• Social workers use case management to implement programs aimed at understanding vulnerabilities in a population and provide people with resources like education, housing, or mental health interventions.
  • Police departments use case management tools to track details about a crime and the accused, such as conversations or case details. 
  • Banking and financial services firms use case management systems to manage customer service, support inquiries and gather feedback, to improve customer experience and boost retention rates. 

Over the years, case management has evolved from old paper-and-pen and filing processes into an increasingly digitized realm. Today, case management plays a key role in wider, end-to-end process automation. A modern process automation platform enables organizations to not only manage cases, but also improve the speed, agility, and efficiency of an entire business process.

A modern process automation platform enables organizations to not only manage cases, but also improve the efficiency of an entire business process.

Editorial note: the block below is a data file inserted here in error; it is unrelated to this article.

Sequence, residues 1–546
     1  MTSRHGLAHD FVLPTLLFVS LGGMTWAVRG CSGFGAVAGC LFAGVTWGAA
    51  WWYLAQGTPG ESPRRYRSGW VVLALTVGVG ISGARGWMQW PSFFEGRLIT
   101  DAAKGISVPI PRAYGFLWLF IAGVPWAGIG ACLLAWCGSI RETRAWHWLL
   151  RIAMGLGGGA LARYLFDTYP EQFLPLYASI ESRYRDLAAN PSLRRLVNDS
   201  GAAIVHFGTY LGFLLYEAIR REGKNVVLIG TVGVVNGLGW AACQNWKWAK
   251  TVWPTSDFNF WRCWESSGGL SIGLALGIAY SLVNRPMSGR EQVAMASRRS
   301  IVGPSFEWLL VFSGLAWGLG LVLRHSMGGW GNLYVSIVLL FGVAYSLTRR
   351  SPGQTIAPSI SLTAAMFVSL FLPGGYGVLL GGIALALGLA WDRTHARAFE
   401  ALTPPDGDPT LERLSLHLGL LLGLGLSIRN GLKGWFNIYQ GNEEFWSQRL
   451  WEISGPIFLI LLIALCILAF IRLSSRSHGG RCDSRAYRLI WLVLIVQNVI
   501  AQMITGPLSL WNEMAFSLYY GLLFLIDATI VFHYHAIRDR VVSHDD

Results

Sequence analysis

[ Learn how to successfully implement end-to-end process automation strategies. Get the Process Automation Guide. ]

How case management works and its role in automation strategy.

Case management almost always involves a complex collection of tasks. However, most case management work falls into four categories. These range from highly structured tasks to ad hoc requests.

The 4 types of case management, examined:

1. Process to decision.

The “process to decision” type of case management work uses structured rules and processes to work clients through a system. 

Decisions are made based on a high degree of context, and this work typically follows a predictable path. Following rules, policies, and procedures is paramount. 

For example, a case manager helping state government run health inspections would follow specific checklists and guidelines to ensure that facilities meet the proper standards for cleanliness and health. Depending on how well a facility complies, the health inspector might decide to either shut the place down or give it a passing score. 

Another example might be a loan provider deciding whether to provide a mortgage loan to a new applicant. They may check a series of rules related to credit scores, credit payment histories, home insurance requirements, zoning, and other factors. These complex decisions result in a specific outcome— whether or not a loan is approved. 

2. Service requests.

This type of case involves decisions around providing services, such as approving requests, running maintenance on machines or fleets, performing customer service, or executing consulting contracts with respect to specific obligations.